This episode examines how science is changing the way we look at physical endurance and the discoveries that could change the future for the better. Viewers meet a scientist who is pursuing research into the differences that carbohydrate fuel can make to soccer players-in particular the benefits of carbohydrates ingested during a game. The results are intriguing and lead to an exciting discovery regarding how we'd previously viewed the way our bodies work. A part of Ever Wondered? (Series 1).
Online
2011
10.

Brains [electronic resource]

Drawing on research into social politics among chimpanzees, the cognitive development of children, and the ancient tools that have been found littered across the Rift Valley, in this program Dr. Alice Roberts explores how Homo sapiens developed such large brains - and asks why we are the only species of our kind left on the planet today. She also discusses how caring for large-brained offspring has shaped civilization, and the evolutionary adaptation that allows grandmothers to help raise their grandchildren.
Online
2011
11.

Keep Your Cells in Shape [electronic resource]

People who exercise have better health and live longer, but scientists can't fully explain the mechanics of this. This ABC News report looks at a small scientific study that found 50-year-old adults who regularly exercised vigorously - such as marathon runners or endurance athletes - appeared biologically younger than healthy people the same age who were not active.
Online
2008
12.

The Future of Our Body: 1 [electronic resource]

As scientific discoveries continue, will we one day produce a flawless human specimen? We already have breast implants from body tissue and facial surgery using organic materials to make us look younger or correct deficiencies resulting from diseases or accidents. Paraplegic patients learn how to walk assisted by a robot and prosthesis that react like a healthy arm are already available. The dream of human perfection may soon become a reality?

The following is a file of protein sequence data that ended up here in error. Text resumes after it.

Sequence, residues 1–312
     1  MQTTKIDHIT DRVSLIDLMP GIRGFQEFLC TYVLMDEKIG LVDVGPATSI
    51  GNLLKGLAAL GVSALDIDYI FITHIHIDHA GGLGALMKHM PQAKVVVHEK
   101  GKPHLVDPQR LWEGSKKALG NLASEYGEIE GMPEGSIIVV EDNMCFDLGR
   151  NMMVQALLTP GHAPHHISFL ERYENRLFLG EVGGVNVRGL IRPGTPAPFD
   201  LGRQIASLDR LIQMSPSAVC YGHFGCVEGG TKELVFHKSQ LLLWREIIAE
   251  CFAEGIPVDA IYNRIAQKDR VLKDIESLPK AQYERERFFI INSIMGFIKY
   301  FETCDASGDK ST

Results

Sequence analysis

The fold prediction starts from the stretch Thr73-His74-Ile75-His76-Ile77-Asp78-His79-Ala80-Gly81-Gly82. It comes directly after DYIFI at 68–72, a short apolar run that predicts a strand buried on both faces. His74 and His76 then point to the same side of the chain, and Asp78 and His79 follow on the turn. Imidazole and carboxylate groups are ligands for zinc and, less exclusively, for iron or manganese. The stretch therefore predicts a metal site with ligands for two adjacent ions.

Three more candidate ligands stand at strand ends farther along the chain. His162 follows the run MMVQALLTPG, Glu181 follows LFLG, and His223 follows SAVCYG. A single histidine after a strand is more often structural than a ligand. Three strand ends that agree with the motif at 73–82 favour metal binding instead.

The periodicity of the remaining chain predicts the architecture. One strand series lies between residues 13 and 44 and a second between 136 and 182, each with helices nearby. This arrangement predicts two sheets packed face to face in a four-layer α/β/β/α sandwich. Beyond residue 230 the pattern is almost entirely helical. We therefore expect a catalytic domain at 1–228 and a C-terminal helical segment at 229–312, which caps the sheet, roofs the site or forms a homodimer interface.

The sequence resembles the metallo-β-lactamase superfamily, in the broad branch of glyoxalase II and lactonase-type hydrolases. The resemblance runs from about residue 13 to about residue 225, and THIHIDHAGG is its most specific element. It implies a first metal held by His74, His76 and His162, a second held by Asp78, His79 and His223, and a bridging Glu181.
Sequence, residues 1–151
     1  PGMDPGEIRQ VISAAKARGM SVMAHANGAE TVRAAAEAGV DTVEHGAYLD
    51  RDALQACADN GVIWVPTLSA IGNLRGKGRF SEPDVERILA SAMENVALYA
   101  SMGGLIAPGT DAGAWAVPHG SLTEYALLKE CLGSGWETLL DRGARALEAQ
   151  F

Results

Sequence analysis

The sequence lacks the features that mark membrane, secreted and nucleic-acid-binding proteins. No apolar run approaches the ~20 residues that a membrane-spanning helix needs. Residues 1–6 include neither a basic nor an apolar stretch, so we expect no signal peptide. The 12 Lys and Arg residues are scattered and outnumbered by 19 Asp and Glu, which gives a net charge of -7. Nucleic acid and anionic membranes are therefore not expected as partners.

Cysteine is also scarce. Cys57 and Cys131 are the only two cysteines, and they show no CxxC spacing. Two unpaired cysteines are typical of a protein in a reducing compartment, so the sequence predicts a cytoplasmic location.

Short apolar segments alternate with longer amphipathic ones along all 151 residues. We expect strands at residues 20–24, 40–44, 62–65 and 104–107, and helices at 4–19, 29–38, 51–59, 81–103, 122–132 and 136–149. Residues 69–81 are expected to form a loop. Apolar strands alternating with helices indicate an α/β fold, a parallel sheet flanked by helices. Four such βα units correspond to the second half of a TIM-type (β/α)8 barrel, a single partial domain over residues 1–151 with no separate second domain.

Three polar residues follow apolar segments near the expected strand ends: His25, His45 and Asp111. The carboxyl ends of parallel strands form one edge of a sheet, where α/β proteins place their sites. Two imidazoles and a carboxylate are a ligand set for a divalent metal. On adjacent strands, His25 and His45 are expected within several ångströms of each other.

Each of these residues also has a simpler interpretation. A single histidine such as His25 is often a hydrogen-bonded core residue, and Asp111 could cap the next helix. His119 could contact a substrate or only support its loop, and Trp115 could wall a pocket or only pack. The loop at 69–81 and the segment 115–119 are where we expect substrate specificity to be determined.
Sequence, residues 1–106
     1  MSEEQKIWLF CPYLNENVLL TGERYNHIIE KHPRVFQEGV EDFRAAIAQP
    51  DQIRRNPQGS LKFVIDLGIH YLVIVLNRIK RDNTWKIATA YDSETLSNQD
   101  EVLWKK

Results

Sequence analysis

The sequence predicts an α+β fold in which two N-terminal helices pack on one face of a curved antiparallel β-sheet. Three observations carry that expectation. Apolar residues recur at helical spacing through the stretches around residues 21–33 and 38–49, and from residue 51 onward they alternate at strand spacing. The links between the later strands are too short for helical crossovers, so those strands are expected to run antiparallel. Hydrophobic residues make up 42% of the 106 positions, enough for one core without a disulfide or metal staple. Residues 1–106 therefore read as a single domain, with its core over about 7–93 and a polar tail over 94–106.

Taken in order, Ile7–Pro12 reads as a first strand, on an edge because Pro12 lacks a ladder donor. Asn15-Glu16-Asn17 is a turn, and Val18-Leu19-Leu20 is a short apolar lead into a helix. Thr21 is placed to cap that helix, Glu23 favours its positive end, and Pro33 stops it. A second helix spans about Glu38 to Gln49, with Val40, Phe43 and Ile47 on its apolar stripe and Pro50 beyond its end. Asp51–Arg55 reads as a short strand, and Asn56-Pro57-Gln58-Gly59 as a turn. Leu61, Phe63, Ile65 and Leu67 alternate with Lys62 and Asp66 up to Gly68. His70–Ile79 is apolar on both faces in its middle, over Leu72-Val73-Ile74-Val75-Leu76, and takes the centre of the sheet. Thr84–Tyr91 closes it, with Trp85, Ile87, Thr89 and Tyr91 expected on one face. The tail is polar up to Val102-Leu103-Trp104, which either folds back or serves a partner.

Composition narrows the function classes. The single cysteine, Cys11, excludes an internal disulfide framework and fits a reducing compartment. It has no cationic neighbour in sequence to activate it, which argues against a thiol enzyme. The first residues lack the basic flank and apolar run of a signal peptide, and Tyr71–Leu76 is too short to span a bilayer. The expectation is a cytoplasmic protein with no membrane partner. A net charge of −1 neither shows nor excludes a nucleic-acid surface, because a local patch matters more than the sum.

Online
2000
13.

TEDTalks [electronic resource]: Peter Saul - Let's Talk About Dying

We can't control if we'll die, but we can "occupy death," in the words of Dr. Peter Saul. In this TEDTalk, he calls on us to make clear our preferences for end-of-life care - and suggests two questions for starting the conversation. Over the past 35 years, Saul has been intimately involved in the dying process of more than 4,000 patients and is passionate about improving the ways we die.
Online
2012
14.

The Senses [electronic resource]: A Horizon Guide

Touch, sight, smell, hearing and taste: the five senses help define what it means to be human. In Horizon Guide to Senses we see how our senses gather millions of details about the world around us, sending our brains a constant stream of information. This input is our only link with the outside world and an important part of human survival.
Online
2012
15.

A Gentler Jolt to the Heart [electronic resource]

Cardiologists and electrophysiologists are studying electrical methods to reduce the pain associated with cardiac defibrillator shocks-making the jolts less jarring but maintaining their life-saving effects.
Online
2012
16.

Allergy Drops for Dogs Train Immune System [electronic resource]

Oral medication reduces allergic reactions in man's best friend.
Online
2012
17.

Between Life and Death [electronic resource]

Doctors can interrupt and even reverse the process of death. Filmed over six months in the country's leading brain injury unit at Addenbooke's Hospital, Cambridge, this documentary follows Prof. David Menon and his colleagues as they treat three patients with traumatic brain injuries. One man who, by only moving his eyes, is eventually asked if he wants to live or die. The Seaman and Clark families are also plunged into the most ethically difficult decision in modern medicine.
Online
2012
18.

Cellphones Detecting Asthma [electronic resource]

A simple breath test could sense when an asthma attack may strike.
Online
2013
19.

Electronic Devices That Dissolve in Your Body [electronic resource]

Disappearing technology could improve your health and the environment.
Online
2013
20.

Expanding Universe [electronic resource]

Amidst the rich natural history of the United States, Professor Brian Cox encounters the astonishing creatures that reveal how the senses evolved. Every animal on Earth experiences the world in a different way, using a unique suite of senses to detect its physical environment. Tracing the evolution of these mechanisms is a story that takes us through life's journey-from single-celled organisms to more complex, sentient beings. Brian finds that over the course of 3.8 billion years, the senses have driven life in new directions and may, ultimately, have led to our own curiosity and intelligence.
Online
2013